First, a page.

Cultural Intelligence (Youth, Family, and Culture): Improving Your CQ to Engage Our Multicultural World [NOOK Book]

Overview

Twenty-first-century society is diverse, and Christians must be able to understand other cultures and communicate effectively between and among them. Following up on the bestselling Hurt: Inside the World of Today's Teenagers, this new addition to the Youth, Family, and Culture series explores the much-needed skill of Cultural Intelligence (CQ), the ability to work effectively across national, ethnic, and even organizational cultures. While rooted in sound, scholarly research, Cultural Intelligence is highly ...
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Cultural Intelligence (Youth, Family, and Culture): Improving Your CQ to Engage Our Multicultural World

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Overview

Twenty-first-century society is diverse, and Christians must be able to understand other cultures and communicate effectively between and among them. Following up on the bestselling Hurt: Inside the World of Today's Teenagers, this new addition to the Youth, Family, and Culture series explores the much-needed skill of Cultural Intelligence (CQ), the ability to work effectively across national, ethnic, and even organizational cultures. While rooted in sound, scholarly research, Cultural Intelligence is highly practical and accessible to general readers. It will benefit students as well as guide ministry leaders interested in increasing their cultural awareness and sensitivity. Packed with assessment tools, simulations, case studies, and exercises, Cultural Intelligence will help transform individuals and organizations into effective intercultural communicators of the gospel.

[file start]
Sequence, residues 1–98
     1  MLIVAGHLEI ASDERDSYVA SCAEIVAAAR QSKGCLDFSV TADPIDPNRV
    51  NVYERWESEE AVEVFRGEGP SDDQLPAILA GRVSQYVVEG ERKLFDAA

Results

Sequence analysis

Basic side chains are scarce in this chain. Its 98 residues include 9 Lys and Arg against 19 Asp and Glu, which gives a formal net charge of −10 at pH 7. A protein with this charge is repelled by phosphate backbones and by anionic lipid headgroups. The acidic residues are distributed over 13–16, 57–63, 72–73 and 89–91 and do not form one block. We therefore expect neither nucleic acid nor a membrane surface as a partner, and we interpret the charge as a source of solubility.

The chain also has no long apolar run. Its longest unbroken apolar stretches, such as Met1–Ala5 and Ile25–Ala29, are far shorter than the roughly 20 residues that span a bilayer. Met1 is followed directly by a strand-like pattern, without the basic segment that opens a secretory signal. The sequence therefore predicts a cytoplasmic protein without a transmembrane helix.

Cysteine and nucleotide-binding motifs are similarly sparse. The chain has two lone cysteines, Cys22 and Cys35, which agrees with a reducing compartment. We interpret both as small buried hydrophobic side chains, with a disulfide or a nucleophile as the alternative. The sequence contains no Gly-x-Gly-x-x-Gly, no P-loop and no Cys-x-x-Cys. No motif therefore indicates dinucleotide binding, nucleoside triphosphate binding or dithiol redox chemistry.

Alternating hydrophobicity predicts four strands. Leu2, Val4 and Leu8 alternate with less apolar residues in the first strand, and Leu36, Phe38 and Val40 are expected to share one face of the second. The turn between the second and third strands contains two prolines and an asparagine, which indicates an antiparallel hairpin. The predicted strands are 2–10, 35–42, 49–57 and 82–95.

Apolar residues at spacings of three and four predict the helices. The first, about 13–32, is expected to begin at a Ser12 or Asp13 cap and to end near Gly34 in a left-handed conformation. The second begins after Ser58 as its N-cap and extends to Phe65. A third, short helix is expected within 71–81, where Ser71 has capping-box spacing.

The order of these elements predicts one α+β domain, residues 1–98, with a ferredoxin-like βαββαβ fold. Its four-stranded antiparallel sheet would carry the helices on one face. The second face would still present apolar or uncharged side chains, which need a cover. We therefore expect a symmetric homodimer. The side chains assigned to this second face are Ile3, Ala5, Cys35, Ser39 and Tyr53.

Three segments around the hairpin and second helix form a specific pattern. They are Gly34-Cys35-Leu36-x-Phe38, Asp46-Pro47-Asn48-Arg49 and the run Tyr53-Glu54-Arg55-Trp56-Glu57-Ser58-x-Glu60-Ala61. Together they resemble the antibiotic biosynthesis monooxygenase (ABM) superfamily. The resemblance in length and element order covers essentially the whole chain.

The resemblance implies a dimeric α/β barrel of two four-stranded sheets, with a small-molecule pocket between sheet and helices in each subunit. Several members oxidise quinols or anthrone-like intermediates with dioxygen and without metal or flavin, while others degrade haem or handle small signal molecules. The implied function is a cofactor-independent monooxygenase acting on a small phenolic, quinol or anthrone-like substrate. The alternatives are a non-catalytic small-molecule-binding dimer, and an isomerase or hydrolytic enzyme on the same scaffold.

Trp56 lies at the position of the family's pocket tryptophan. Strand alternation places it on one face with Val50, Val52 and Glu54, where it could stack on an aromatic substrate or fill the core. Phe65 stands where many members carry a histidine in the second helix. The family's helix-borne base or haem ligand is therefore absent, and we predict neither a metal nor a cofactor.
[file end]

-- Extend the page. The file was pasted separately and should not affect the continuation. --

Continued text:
EXCERPT
What do you do when you encounter someone who isn't like you? How do you feel? What goes on inside you? How do you relate to him or her? These are the kinds of questions we want to explore in this book. Few things are more basic to life than expressing love and respect for people who look, think, believe, act, and see differently than we do. We want to adapt to the barrage of cultures around us while still remaining true to ourselves. We want to let the world change us so that we can be part of changing the world. And we want to move from the desire to love across the chasm of cultural difference to the ability to express our love for people of difference. Relating lovingly to our fellow human beings is central to what it means to be human. And when it comes down to it, Christian ministry at its core is interacting with all kinds of people in ways that give them glimpses of Jesus in us.

The billions of us sharing planet Earth together have so much in common. We're all born. We all die. We're all created in the image of God. We eat, sleep, persevere, and care for our young. We long for meaning and purpose, and we develop societies with those around us. But the way we go about the many things we have in common is deeply rooted in our unique personalities and cultures. So although we have so much in common, we have as much or more about us that's different.
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Editorial Reviews

Publishers Weekly